Leftover bits of the Phillies in Clearwater

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I wish I was joking when I say that I spilled water on my keyboard yesterday and now the “r” key on it doesn’t work anymore. But that’s what happened. I’m putting them in via CTRL-V, which makes everything a lot slower. It’s pretty nuts, actually. Weirdest part? When I type the letter “i” it types “ir.” Like the r migrated down the keyboard. I think the water I spilled on it was possessed by evil spirits. Or the computer watched the movie “Electric Dreams” or something.

Anyway, I’ll try to salvage this post as best I can. I have no idea how I’ll write the rest of the day, but we’ll deal with that later.

It was a nice day. As I said the last time I was here back in 2010, Bright House Field is one of the nicest in all of spring training. a great park with a great, beachy-party vibe. Good food. Nice people. Phillies’ employees, from the people in the executive offices to the guys who wipe down the seats, are impossibly polite and make your day at a ballpark as pleasant as can be.

I already posted about my conversation with Gene Garber and the ceremony for Jim Fregosi — and as I said yesterday morning, the clubhouses were closed, so there wasn’t much of a chance to speak to players — so let’s just look at pictures I took. Lord knows the mostly boring game I saw — a 2-2 tie — wasn’t worth too many words.

There are lots of familiar faces on the Phillies spring training staff. Here’s one:

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Unfortunately, Chase Utley got the start over him today.

 

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Yes, I eavesdropped. The conversation was not quite as good as a Charlie Manual-Bobby Cox summit meeting likely was back in the day, but you take what you can get.

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A year ago, if I told you that all three of these guys would be significant parts of the 2014 Phillies, you’d have told me I was crazy. Abreu was out of the game, Brown was considered a bust and Utley hadn’t played a full season in ages. Yet here they are.

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Same goes for Larry Bowa, actually. He seemed done as a coach or manager and was left to TV duties only. He seems invigorated back in uniform. He hit fungoes for what seemed like forever, then pitched batting practice for much longer than you usually see a coach pitch. The man is a machine.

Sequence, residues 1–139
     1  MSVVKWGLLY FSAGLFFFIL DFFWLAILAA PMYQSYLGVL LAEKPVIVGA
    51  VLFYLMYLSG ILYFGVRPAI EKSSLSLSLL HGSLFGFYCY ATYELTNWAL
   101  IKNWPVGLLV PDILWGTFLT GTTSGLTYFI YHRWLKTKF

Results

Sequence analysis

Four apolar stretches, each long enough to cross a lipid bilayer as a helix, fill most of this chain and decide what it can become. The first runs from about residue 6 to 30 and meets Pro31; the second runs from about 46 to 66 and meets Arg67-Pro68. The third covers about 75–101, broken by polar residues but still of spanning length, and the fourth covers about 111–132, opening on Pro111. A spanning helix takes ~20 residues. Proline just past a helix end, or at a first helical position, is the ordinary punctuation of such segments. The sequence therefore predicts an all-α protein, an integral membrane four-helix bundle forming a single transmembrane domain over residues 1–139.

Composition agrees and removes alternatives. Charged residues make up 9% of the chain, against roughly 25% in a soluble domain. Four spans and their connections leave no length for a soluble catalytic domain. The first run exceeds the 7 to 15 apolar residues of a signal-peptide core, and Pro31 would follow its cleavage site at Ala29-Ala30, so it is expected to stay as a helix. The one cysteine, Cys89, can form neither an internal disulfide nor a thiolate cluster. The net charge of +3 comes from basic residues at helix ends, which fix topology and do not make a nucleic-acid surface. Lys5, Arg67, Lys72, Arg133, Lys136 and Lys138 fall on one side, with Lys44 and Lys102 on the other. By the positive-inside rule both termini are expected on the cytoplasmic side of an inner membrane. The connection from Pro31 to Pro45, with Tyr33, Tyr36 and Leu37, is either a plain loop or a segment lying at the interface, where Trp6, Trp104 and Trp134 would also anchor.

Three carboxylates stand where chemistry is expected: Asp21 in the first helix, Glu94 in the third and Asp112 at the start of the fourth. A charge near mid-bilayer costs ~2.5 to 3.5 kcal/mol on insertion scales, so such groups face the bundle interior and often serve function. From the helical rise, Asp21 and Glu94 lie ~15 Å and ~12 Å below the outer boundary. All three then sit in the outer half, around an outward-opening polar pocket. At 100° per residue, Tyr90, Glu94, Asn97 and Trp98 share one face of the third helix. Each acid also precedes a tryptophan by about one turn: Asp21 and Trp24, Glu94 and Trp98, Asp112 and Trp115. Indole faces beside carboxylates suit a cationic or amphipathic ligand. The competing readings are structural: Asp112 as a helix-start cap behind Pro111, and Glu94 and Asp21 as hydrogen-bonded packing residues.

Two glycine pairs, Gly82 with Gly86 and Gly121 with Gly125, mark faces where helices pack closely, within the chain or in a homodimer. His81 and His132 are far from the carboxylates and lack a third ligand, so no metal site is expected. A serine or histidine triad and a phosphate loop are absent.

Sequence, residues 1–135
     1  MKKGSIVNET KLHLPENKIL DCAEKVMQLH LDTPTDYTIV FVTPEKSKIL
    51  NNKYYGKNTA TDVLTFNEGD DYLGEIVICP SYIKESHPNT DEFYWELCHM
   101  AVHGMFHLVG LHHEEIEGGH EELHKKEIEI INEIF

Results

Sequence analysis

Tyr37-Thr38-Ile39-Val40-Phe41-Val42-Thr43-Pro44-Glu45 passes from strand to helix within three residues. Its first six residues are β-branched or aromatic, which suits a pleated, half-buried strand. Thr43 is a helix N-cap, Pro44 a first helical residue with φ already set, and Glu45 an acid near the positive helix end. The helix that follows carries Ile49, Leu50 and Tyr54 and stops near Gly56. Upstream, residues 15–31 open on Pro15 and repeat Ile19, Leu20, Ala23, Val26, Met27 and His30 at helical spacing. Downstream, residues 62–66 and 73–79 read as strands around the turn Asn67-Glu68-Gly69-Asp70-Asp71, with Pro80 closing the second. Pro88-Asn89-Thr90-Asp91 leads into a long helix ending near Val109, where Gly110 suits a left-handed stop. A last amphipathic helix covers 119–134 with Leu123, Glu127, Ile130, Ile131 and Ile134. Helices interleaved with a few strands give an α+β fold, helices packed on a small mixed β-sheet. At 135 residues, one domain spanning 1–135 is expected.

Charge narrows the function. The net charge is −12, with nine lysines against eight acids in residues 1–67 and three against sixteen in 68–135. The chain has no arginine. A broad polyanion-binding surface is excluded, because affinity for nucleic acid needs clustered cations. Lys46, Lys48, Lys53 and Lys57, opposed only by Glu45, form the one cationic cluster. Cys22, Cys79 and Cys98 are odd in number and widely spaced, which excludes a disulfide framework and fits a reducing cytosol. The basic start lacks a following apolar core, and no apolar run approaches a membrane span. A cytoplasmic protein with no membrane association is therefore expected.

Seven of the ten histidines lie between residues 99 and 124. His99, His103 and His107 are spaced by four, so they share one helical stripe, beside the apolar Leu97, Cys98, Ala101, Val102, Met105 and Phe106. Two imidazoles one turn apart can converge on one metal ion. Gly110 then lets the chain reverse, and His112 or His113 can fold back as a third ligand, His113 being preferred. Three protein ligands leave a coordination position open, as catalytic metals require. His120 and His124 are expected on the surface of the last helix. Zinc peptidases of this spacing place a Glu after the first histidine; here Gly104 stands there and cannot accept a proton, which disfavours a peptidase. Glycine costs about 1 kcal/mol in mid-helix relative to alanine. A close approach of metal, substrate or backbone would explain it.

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But let’s not kid ourselves. This was my favorite coach on the field yesterday. For obvious reasons. Those reasons being that I am 12-years-old.

 

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I considered it for a second. But c’mon, there’s a reason I look so sad here. I could never purchase Phillies gear.

Bright House Field is home to some serious non-baseball entertainment:

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Coolio: you’re sharing a  marquee with a sibling, a cover band and “Black Honkeys.” Maybe it’s time to consider something else to do with your life? Something new?

Eh, who cares. I had all the entertainment I needed:

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A cheesesteak and a lager at a ballgame: that’s about as good as it gets.

Now, off to figure out how to be a professional writer without an “r” key.

Steven Matz to skip next spring training start with elbow issues

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Mets’ left-hander Steven Matz will miss his Grapefruit League appearance on Monday after experiencing soreness in his left elbow, according to a report by Mike Puma of the New York Post. Matz reportedly first felt discomfort in his elbow on Wednesday after pitching four innings against the Marlins, but a medical evaluation revealed no structural damage.

Still, it’s unsettling news for the 25-year-old, who is coming off of an injury-riddled 2016 season. Matz pitched to a 3.40 ERA, 2.1 BB/9 and 8.8 SO/9 during his sophomore campaign with the Mets, but his success was hampered by a bevy of shoulder and elbow issues that culminated in season-ending surgery to remove bone spurs from his left elbow.

Comments from Mets’ GM Sandy Alderson indicated that while the club doesn’t believe anything is significantly wrong with Matz’s elbow this time around, the setback could have an impact on his chances of cracking the Opening Day roster. Until he’s cleared to return to the mound, the club is expected to take a longer look at rotation candidates Robert Gsellman, Zack Wheeler and Seth Lugo.

Video: Andrew Toles hammers grand slam in Cactus League win

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Dodgers’ left fielder Andrew Toles crushed his first spring training home run on Saturday afternoon. With the bases loaded and a two-run deficit hanging over their heads in the fourth inning, Toles stepped up to the plate against Oakland right-hander Jesse Hahn and unloaded a grand slam on the second pitch he saw.

Third baseman Justin Turner was quick to follow up with a solo jack of his own, bringing the score to a comfortable 7-4 lead by the end of the fourth. Another three-run outburst in the fifth and an eighth-inning RBI single by Austin Barnes raised the final score to 11-6… which, coincidentally, was the same score the Reds used to defeat the Athletics’ second split-squad lineup on Saturday (albeit with a few more RBI walks than grand slams).

Toles, 24, is approaching his sophomore season with the Dodgers in 2017. He slashed .314/.365/.505 with three home runs and an .870 OPS in his first major league season in 2016 and is expected to platoon with the right-handed Franklin Gutierrez in left field this year.